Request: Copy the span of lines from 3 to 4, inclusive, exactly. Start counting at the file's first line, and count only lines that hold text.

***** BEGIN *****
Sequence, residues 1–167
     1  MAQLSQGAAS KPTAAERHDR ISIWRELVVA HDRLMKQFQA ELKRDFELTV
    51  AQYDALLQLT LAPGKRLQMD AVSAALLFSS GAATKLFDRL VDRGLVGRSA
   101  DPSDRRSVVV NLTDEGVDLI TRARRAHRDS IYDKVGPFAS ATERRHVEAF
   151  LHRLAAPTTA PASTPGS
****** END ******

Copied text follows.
    51  AQYDALLQLT LAPGKRLQMD AVSAALLFSS GAATKLFDRL VDRGLVGRSA
   101  DPSDRRSVVV NLTDEGVDLI TRARRAHRDS IYDKVGPFAS ATERRHVEAF